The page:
Coil loop herniation into the parent artery is an uncommon complication of aneurysm embolization, and the incidence was 2.4-4.2% in previous reports (1,, 2,). The mechanism of coil herniation appeared to be coil instability after detachment and excessive embolization (2,). Contrarily, minimal protrusion of the coil's detachment zone into the parent artery may occur not infrequently during embolization, and this situation can be managed uneventfully with or without anti-platelet treatment. In our institution, we usually check follow-up fluoroscopy during two PODs in this situation. In our case, we could not indicate exactly the day when unraveling of coil developed, but probably it might occur near to ninth POD when the patient complained new headache and dizziness. Delayed unraveling and herniation of coil loop was reported previously (3,). In our case, it was difficult to insert last coil loop into aneurysm sac and we remained short detachment zone within the lumen of parent artery. This configuration is usually stable, but it may cause adverse consequence like our case. So-called 'stored tension' (3,) in last coil loop might cause delayed unraveling. In our opinion, if minimal protrusion of the detach-zone into the parent artery is present, we should consider the possibility of delayed herniation of coil loop, and follow-up fluoroscopy for the evaluation of coil mesh may be necessary during minimum two postoperative weeks.
Managements of coil herniation after detachment are controversial and include removal by using a snare (4,), repositioning by using balloon (5,), or trapping of coil by using stent placement (2,, 6,-8,). Occasionally, coil herniation is left in the lumen of parent artery with or without anti-platelet treatment if herniated coil aligns along the parent arterial wall or only a small closed loop is herniated (4,). There was no systematic analysis about the fate and risky configuration of herniated coil loops in the parent arterial lumen. Only a suggestion was presented that herniated coil with a free end pulsating in the direction of blood flow may be a risky configuration (4,). In our case, there might be two options for the management of the coil herniation. First, we might be able to remove the coil mesh by using a snare, but we should consider the state of the coil mesh with abundant thrombus and possible thromboembolism. Second option is the bailout stent deployment. We can stabilize the herniated coil loop along the wall of BA by the stent deployment; however, we should consider the procedure related complication and delayed in-stent stenosis (8,). Because she was stable and relatively young, we deferred stent placement. In our opinion, the herniated coil loop may be affected by hemodynamics of the parent artery and coil's tendency toward its natural loop shape. In our case, this restoration tendency made the last stable configuration of the herniated loop. In our opinion, follow-up fluoroscopy with anti-platelet medication may be another option and guide proper decision for management of this situation.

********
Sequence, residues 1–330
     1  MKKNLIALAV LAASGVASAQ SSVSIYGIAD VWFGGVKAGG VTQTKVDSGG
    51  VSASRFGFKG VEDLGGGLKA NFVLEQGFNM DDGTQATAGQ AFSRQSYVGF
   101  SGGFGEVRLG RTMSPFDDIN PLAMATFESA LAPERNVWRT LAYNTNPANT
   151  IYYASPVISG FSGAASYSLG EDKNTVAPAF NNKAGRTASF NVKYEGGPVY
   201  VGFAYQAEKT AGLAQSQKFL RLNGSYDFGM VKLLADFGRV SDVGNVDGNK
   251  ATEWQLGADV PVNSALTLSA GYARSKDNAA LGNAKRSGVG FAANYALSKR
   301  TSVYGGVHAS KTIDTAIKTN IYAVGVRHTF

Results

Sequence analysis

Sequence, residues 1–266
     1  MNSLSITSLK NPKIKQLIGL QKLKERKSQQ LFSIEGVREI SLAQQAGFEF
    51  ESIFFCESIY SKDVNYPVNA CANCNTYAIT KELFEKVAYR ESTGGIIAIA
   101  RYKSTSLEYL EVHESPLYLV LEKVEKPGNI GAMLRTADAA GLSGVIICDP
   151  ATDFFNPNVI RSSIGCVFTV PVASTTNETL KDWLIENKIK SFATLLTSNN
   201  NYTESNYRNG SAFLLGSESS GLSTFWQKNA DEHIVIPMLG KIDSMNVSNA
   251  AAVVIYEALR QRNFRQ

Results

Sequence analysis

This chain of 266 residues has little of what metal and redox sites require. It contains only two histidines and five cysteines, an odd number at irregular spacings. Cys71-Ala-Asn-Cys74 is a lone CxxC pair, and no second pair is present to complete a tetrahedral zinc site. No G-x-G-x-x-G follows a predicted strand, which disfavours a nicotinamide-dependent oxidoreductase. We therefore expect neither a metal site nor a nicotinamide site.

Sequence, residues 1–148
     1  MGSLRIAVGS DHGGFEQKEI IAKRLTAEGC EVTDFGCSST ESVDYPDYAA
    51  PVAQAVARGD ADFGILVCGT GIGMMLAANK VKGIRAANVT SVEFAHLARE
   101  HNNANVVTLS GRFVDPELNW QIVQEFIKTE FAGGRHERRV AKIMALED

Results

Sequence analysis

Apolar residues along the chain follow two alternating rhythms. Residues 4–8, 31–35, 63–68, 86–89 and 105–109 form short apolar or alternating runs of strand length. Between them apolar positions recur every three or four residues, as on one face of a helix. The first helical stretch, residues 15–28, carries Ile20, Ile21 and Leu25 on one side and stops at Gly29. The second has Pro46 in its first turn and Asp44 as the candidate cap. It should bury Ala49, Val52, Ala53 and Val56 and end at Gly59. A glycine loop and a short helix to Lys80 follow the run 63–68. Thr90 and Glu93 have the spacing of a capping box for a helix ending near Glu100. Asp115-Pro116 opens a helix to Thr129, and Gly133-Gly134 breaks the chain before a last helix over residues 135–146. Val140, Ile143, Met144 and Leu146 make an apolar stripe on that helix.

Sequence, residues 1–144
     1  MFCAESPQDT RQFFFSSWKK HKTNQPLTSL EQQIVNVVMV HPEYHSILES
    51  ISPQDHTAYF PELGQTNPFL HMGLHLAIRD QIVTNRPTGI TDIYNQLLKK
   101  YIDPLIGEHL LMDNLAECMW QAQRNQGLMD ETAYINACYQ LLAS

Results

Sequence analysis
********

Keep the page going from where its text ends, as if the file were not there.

In conclusion, minimal coil protrusion into the parent artery may undergo delayed further unraveling and herniation of a coil loop, and the shape of the herniated coil can be changed to favorable configuration. When we consider management of this condition, follow-up fluoroscopy may be helpful, and conservative management with anti-platelet medication may be one of the options of various treatments.

References

1. Renowden SA, Benes V, Bradley M, Molyneux AJ. Detachable coil embolisation of ruptured intracranial aneurysms: a single center study, a decade experience. Clin Neurol Neurosurg 2009;111:179–188.
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Fig. 1
Working plane angiography reveals a 2.5 mm sized left side superior cerebellar artery (SCA) aneurysm (A). Final angiography and fluoroscopy show minimal protrusion of the detach-zone into the basilar artery (B, C, arrow). No significant interval change in the configuration of the coil mesh is seen on the fluoroscopy at the second postoperative day (POD) (D). Unraveling and herniation of coil is seen on the fluoroscopy at the ninth POD (E). Reposition of the herniated coil into the left side SCA is seen on the fluoroscopy at the 23rd POD (F).